Read TSB-M-80(4)I:10/80:Taxability of Unemployment Compensation,tsbm804i text version

New York State Department of Taxation and Finance

Taxpayer Services Division Technical Services Bureau

Taxability of Unemployment Compensation

TSB-M-80(4)-I Income Tax October 3, 1980

Under the Revenue Act of 1978 the Internal Revenue Code was changed so that a taxpayer may have to include in gross income all or part of the Unemployment Compensation that is received after December 31, 1978. The amount to be reported for federal purposes is the lesser of: 1) 2) Total unemployment compensation; or Half the amount by which the sum of adjusted gross income (not including unemployment compensation), any disability income exclusion, plus unemployment compensation exceeds the base amount.

The base amount is as follows: A. B. C. $20,000, if single, or married but live apart from your spouse for the entire tax year and do not file a joint return. $25,000, if married filing a joint return (this is a combined amount for both spouses). Zero, if married, do not file a joint return and do not live apart from your spouse for the entire tax year.

Generally, the amount of unemployment compensation to be included in New York gross income is the same amount that is included in Federal income. The exceptions are: 1. 2. Taxpayers file joint federal returns and file separate New York State Returns. Change of residence.

Example 1: Husband earns $12,000 in wages, he also received $2,000 in unemployment compensation, the wife earns $10,000 in wages. Assume that this is the only income they receive during the tax year 1979 and they have no adjustments to income. They file a joint Federal return and separate New York returns. Federal New York Joint Return Separate Returns Total Income shown on return, Husband Wife other than unemployment compensation $22,000 $12,000 $10,000 Plus: Total unemployment compensation received Total Minus: Base Amount Excess Half of Excess Amount to be included in gross income

JAMES H. TULLY., COMMISSIONER

2,000 $24,000 25,000 - 0-0-0-

2,000 $14,000 -0$14,000 7,000 $ 2,000

LOUIS M. JACOBSON, DEPUTY COMMISSIONER FRANK J. PUCCIA, DIRECTOR

-2TSB-M-80(4)-I Income Tax October 3, 1980 Explanation: Under Sec. 612(f), of the New York Tax Law, taxpayers who file a joint federal return and elect to file separate New York returns must compute their New York adjusted gross incomes as if their federal adjusted gross income had been computed separately. Example 2: Husband and wife were residents of New York State until June 30, 1979. On July 1, 1979, they became nonresidents. The husband earned wages in the amount of $41,000 for the full year. The wife received $3,600 in unemployment compensation for the full year. This unemployment compensation was received as a result of employment in New York State. During their resident period the husband received $26,000 in wages and the wife received $1,800 in unemployment compensation. In their nonresident period the husband earned $15,000 in wages from New York sources and the wife received $1,800 in unemployment compensation. Assume that this is the only income they received and they have no adjustments to income. New York State Joint Returns Federal Total income shown on return (Husband's wages), other than unemployment compensation Plus: Total unemployment compensation received (wife) Total Minus: Base Amount Excess Half of Excess Amount to be included in gross income Explanation: Under Sec. 654(b) of The New York Tax Law and NYCRR 148.5, annual limitations with respect to specific items of income, gain, loss and deduction are to be applied separately to the applicable Federal items attributable to the separate periods covered by the resident and nonresident returns. Therefore, taxpayers are entitled to deduct the federal base amount of $25,000 for each period since joint New York State returns were filed. If separate returns had been filed in each period, the wife would have reported $900.00 as Total New York Income in each period because the base amount would be zero. Resident Period Nonresident Period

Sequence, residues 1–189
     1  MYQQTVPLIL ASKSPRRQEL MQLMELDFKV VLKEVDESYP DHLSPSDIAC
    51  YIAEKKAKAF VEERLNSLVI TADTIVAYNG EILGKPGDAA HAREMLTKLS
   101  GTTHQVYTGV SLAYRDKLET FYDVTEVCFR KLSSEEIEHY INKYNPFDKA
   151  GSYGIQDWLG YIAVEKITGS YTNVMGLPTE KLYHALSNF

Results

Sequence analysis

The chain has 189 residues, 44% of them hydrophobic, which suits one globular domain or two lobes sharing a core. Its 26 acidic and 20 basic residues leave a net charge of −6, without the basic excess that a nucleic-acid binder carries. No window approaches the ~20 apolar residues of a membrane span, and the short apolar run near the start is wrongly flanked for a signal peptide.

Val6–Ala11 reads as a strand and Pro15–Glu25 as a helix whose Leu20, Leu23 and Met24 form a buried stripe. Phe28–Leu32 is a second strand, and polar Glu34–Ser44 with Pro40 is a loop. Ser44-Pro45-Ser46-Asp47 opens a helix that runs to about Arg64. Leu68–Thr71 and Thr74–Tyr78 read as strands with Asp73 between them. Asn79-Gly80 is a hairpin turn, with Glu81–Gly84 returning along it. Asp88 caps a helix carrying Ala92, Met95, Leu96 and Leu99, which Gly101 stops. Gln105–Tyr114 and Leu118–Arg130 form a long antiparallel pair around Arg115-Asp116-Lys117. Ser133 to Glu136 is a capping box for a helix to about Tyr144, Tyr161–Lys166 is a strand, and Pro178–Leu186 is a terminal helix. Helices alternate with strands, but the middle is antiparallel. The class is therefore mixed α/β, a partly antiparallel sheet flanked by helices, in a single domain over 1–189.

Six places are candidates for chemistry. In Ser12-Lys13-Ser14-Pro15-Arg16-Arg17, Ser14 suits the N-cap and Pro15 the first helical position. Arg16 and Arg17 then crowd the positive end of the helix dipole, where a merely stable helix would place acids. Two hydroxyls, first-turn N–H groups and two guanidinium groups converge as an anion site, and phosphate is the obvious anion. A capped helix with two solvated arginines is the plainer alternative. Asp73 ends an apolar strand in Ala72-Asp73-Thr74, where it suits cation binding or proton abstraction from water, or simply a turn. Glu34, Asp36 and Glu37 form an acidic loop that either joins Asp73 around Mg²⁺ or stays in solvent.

$41,000

$26,000

$15,000

3,600 $44,600 25,000 $19,600 $ 9,800 $ 3,600

1,800 $27,800 25,000 $ 2,800 $ 1,400 $ 1,400

1,800 $16,800 25,000 $ -0$ -0$ -0-

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TSB-M-80(4)I:10/80:Taxability of Unemployment Compensation,tsbm804i

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